LONDON (Reuters) - Medium-sized hedge funds are slipping under the radars of nervous investors but can offer great investment opportunities, says Investcorp, which is considering offering capital to these portfolios.
Deepak Gurnani, the Bahraini investment firm’s head of hedge funds, said many funds running $400-$500 million (277-347 million pounds) are looking for a large-scale investor who can boost their assets and give succour to other institutional investors.
Deals would effectively act as a form of secondary seeding, lifting a fund past a difficult moment in its growth. Seeding is normally conducted near the start of a hedge fund’s life.
In return Investcorp INVB.BH, which currently seeds much smaller managers, would take a share of the fund’s revenues.
“We’re getting approached by funds running $400-$500 million, saying ‘we need to go to the next level and we need a partner like Investcorp, we want to get institutional money’,” Gurnani said in an interview late on Wednesday.
Investors have been looking to bigger and bigger hedge funds for some time in the belief their large infrastructure gives greater protection against fraud, while they may also have more clout with prime brokers than small funds.
While $50 million or $100 million was previously seen as the minimum size that many investors would look at, Gurnani said even funds at around half a billion dollars in assets are now struggling for institutional cash.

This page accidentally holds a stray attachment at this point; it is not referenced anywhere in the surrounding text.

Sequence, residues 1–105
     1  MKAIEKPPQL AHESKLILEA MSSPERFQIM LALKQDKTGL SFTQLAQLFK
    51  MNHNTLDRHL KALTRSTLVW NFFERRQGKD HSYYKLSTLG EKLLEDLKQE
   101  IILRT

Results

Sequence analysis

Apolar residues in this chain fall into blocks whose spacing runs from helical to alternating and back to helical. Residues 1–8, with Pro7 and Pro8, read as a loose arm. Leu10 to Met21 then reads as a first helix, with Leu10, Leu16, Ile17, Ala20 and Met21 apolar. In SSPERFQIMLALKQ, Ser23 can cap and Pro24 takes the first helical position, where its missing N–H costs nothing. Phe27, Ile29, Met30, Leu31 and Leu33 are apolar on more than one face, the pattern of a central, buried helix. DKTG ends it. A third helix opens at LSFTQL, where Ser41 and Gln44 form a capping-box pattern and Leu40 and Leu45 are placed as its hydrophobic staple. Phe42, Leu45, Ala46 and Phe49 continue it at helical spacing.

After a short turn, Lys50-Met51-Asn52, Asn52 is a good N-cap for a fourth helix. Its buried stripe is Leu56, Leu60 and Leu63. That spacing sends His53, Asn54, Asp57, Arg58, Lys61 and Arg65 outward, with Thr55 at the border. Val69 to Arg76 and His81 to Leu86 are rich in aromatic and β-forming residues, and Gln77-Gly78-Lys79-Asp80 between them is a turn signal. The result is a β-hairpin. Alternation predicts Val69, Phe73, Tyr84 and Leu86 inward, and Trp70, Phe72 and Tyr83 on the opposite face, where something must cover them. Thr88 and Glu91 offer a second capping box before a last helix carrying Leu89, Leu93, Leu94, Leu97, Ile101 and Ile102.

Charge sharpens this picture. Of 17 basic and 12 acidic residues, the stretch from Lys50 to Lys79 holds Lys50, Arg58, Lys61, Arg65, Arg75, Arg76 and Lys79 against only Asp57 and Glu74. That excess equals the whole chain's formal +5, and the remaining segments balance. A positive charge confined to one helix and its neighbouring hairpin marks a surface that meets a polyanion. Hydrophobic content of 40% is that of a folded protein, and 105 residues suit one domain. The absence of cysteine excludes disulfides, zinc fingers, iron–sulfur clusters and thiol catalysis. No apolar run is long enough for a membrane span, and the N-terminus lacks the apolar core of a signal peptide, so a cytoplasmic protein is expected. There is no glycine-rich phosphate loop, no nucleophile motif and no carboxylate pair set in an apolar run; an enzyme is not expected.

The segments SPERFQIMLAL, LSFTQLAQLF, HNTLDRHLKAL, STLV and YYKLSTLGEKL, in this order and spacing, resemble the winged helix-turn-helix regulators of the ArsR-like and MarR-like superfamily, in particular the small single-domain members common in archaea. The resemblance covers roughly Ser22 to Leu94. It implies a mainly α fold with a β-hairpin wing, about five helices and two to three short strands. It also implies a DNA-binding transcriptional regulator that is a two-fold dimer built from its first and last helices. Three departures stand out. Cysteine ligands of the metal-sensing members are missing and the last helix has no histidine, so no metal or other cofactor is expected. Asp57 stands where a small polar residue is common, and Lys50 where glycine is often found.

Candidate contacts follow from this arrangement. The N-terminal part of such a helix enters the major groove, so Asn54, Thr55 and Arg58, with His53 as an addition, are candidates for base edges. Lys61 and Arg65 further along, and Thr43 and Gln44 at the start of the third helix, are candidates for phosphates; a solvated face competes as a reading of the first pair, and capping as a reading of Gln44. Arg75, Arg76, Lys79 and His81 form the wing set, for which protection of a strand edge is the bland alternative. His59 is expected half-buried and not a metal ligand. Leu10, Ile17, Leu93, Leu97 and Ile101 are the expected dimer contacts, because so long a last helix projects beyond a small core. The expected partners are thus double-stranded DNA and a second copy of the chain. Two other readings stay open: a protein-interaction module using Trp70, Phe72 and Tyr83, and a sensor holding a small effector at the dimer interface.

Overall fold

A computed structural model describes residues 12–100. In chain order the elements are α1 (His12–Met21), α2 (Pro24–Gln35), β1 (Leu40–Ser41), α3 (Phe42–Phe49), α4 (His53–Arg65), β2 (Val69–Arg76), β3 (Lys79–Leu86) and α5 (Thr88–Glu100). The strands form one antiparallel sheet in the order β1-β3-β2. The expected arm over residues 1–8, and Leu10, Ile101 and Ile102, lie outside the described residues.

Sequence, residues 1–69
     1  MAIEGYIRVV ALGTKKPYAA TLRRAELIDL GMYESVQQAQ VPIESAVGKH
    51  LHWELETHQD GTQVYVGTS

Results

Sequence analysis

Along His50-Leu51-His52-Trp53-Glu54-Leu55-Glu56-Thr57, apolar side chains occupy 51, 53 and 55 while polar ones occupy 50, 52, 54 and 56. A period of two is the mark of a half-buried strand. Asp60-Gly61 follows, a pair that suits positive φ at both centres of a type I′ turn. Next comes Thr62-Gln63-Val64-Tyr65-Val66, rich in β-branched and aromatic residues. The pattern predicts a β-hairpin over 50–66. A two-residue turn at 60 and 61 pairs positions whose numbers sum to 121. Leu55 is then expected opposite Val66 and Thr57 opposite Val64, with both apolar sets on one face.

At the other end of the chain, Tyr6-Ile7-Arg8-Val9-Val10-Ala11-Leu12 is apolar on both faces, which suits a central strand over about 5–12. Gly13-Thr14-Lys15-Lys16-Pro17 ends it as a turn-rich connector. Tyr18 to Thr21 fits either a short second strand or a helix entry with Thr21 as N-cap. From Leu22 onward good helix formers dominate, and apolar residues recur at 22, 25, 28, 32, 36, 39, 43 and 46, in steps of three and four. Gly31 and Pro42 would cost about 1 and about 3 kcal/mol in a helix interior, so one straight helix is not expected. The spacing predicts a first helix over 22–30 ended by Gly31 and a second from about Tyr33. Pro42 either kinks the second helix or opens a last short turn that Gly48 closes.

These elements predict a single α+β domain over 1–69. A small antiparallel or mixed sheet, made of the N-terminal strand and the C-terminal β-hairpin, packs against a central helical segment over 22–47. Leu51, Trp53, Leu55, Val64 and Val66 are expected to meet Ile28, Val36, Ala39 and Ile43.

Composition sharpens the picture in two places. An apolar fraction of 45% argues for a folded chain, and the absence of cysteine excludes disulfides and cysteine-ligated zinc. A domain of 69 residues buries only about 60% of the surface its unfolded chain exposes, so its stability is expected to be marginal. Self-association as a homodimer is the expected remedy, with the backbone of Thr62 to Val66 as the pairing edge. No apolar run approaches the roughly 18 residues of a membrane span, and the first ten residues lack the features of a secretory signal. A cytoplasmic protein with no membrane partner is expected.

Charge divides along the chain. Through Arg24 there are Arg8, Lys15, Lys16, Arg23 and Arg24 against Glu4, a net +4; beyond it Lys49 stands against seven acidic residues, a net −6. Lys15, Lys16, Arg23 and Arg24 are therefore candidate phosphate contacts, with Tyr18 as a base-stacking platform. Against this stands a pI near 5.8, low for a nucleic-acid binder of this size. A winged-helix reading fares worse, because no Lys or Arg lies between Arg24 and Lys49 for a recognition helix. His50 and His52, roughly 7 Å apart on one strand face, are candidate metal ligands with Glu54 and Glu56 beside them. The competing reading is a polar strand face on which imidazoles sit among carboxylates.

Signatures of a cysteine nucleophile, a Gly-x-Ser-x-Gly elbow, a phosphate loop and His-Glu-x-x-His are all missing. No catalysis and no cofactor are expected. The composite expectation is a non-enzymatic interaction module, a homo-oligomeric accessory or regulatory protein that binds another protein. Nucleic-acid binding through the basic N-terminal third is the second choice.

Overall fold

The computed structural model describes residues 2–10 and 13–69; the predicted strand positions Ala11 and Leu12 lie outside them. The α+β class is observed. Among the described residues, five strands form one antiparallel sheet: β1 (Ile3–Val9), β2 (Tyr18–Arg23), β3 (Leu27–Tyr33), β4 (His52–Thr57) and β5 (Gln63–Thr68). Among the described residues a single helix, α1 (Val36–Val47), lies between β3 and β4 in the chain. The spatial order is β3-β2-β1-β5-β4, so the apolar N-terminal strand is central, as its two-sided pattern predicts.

These are either funds that have grown in size but more recently stagnated as assets have proved hard to come by during the crisis, or funds that have shrunk in size as investors have left.
According to figures from research firm Celent, just 5 percent of hedge funds ran more than $500 million last year, compared with 18 percent in 2008, illustrating the contraction in the industry during the credit crisis.
“It’s something that we’re seriously looking at, we’d love to work with these funds, we may put (money) in,” said Gurnani, who helped set up the fund of hedge funds unit in the mid-1990s.
“There are lots of funds with a good track record languishing with $400-$500 million. Institutions don’t have the time or resources to look at them.”
Meanwhile, many banks have scaled back their hedge fund seeding businesses since the credit crisis, providing less competition for those picking which fund they want to back.
Investcorp already provides seed capital for funds set up by managers leaving other hedge funds, although Gurnani said the firm had so far not committed money to medium-sized funds.
Gurnani also said he likes strategies such as credit, distressed debt, convertible arbitrage and long-short equity funds with low exposure to overall market movements.
He also favours global macro funds — which bet on moves in currencies, bonds, commodities and equities — because he believes the very wide spread of opinion about how financial markets will fare offers great opportunities to skilful managers.
Bahrain- and London-listed Investcorp, which once floated luxury goods brands icons Gucci and Tiffany, runs around $4.5 billion in assets in its fund of funds unit.
Editing by Jon Loades-Carter